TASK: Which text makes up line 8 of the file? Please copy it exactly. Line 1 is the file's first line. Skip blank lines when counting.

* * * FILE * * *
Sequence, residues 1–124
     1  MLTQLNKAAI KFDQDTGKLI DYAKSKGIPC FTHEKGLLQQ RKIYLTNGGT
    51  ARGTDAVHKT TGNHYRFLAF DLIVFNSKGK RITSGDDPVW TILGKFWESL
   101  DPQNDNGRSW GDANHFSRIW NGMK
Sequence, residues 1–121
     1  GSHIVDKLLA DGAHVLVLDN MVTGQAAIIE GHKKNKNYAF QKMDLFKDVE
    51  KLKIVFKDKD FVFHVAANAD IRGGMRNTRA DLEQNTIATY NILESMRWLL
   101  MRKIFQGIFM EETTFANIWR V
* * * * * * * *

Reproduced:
   101  MRKIFQGIFM EETTFANIWR V